The Celtic Cross has become a popular symbol to the Irish and it's unique history and design is now popular around the world. They can be seen in necklaces, earrings and in rings. Celtic Crosses are found in private gardens and cemeteries in both the United States and Ireland.

We now have a new line of Celtic crosses at The Celtic Collection. These are larger decorative crosses carved out of light wood and finished with a bronze antique finish. These could be used to create a center for the expression of your own faith. Other crosses are etched on decorative plates that can be displayed. We also have a variety of Celtic cross jewelry designs available now and more are on the way. We hope to see you at The Celtic Collection soon.


Wednesday, May 20, 2009

Tai Chi classes a hit

The Celtic Collection partnered with North Surburban Adult Services and The YMCA to offer classes in Tai Chi. That may seem like an odd class for a Celtic shop to be offering. But Mr. Harry Webb, who is the Scottish Gaelic teacher , is also a Tai Chi instructor. The class was a great success with 22 students attending. We were all surprised how good we felt at the end of each class. Harry was an excellent leader, making it possible for each member to enter into the exercise at their own pace. His sense of humor was also delightful. For those in the class, Harry recommended using google to get to the site "taiji.de " for the chance to see an expert performing what we just learned.The class is over for the summer but we will be offering another class in September.More information will be made available in The Celtic Collection's event calender in the future.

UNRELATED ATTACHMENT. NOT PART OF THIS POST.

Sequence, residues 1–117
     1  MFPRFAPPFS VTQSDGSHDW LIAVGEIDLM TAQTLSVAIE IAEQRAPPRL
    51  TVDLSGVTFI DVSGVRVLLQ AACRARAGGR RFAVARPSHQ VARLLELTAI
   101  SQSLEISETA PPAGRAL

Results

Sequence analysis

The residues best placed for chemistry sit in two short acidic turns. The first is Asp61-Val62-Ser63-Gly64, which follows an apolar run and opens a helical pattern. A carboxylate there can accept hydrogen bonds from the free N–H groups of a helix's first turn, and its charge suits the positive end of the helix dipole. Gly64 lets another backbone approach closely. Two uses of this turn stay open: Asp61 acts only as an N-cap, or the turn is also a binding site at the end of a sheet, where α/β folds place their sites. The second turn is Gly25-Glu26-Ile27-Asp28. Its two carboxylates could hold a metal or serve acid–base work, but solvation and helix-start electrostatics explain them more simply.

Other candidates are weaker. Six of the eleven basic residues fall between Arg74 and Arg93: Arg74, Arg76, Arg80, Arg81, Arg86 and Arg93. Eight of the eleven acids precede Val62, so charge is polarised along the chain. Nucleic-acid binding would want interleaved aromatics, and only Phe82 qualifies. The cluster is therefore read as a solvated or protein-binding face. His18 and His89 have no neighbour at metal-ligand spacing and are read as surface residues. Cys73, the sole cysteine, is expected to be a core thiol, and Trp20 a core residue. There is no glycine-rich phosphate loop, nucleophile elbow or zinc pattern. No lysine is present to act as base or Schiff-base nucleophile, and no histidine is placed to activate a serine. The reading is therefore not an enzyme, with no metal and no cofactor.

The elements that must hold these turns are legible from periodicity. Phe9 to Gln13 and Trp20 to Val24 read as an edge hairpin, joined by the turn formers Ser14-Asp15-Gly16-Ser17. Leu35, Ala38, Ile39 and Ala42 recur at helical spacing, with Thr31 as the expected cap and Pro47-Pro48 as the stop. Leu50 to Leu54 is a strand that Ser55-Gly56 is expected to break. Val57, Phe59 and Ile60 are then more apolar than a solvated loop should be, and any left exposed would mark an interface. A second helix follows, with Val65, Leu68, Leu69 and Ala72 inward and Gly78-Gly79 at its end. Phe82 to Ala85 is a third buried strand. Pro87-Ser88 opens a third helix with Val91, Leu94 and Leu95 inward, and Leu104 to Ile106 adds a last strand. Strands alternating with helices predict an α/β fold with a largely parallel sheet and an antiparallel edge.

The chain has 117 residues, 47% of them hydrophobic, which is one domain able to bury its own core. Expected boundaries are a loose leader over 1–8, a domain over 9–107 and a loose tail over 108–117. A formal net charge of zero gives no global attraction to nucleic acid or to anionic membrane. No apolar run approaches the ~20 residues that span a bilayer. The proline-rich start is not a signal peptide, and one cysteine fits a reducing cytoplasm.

Monday, May 18, 2009

Bagpipe instruction now available

As the owner of The Celtic Collection and mother of favoured son
Jonathan Shegog, I am proud to say Jonathan has graduated cum laude from The Citadel and will be joining us here at the shop for a short while.
Jonathan was the pipe major at The Citadel for two years. His responsibilities included instructing new cadets on the bagpipes, assisting with the merging of the pipe band and the regimental band for combined performances, and leading the pipe band in competitions and performances. Jonathan also represented The Citadel as a piper at events in and around the Charleston community for the 4 years he was there. On occassion, he flew back to perform for events in the Pittsburgh area. He also does performances with the Carnival Of Souls, a Celtic band from Pittsburgh, PA.